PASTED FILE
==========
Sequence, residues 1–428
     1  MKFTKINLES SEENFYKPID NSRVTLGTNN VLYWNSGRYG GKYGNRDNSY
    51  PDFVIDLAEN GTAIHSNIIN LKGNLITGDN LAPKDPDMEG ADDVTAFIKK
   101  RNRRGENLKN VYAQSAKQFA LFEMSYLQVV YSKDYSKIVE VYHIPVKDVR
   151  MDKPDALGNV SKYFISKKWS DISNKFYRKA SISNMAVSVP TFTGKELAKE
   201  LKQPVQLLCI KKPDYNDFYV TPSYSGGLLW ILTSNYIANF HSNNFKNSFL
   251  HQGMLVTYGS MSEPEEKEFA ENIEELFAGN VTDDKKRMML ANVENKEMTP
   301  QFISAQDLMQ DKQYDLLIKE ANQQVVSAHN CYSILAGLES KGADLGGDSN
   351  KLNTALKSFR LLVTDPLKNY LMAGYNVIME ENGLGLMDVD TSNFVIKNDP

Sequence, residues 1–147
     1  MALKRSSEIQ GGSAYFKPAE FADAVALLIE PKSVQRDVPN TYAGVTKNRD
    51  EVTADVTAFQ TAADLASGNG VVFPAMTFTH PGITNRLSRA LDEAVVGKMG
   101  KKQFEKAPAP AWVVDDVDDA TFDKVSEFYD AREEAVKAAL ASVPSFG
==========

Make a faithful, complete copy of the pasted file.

Sequence, residues 1–428
     1  MKFTKINLES SEENFYKPID NSRVTLGTNN VLYWNSGRYG GKYGNRDNSY
    51  PDFVIDLAEN GTAIHSNIIN LKGNLITGDN LAPKDPDMEG ADDVTAFIKK
   101  RNRRGENLKN VYAQSAKQFA LFEMSYLQVV YSKDYSKIVE VYHIPVKDVR
   151  MDKPDALGNV SKYFISKKWS DISNKFYRKA SISNMAVSVP TFTGKELAKE
   201  LKQPVQLLCI KKPDYNDFYV TPSYSGGLLW ILTSNYIANF HSNNFKNSFL
   251  HQGMLVTYGS MSEPEEKEFA ENIEELFAGN VTDDKKRMML ANVENKEMTP
   301  QFISAQDLMQ DKQYDLLIKE ANQQVVSAHN CYSILAGLES KGADLGGDSN
   351  KLNTALKSFR LLVTDPLKNY LMAGYNVIME ENGLGLMDVD TSNFVIKNDP

Sequence, residues 1–147
     1  MALKRSSEIQ GGSAYFKPAE FADAVALLIE PKSVQRDVPN TYAGVTKNRD
    51  EVTADVTAFQ TAADLASGNG VVFPAMTFTH PGITNRLSRA LDEAVVGKMG
   101  KKQFEKAPAP AWVVDDVDDA TFDKVSEFYD AREEAVKAAL ASVPSFG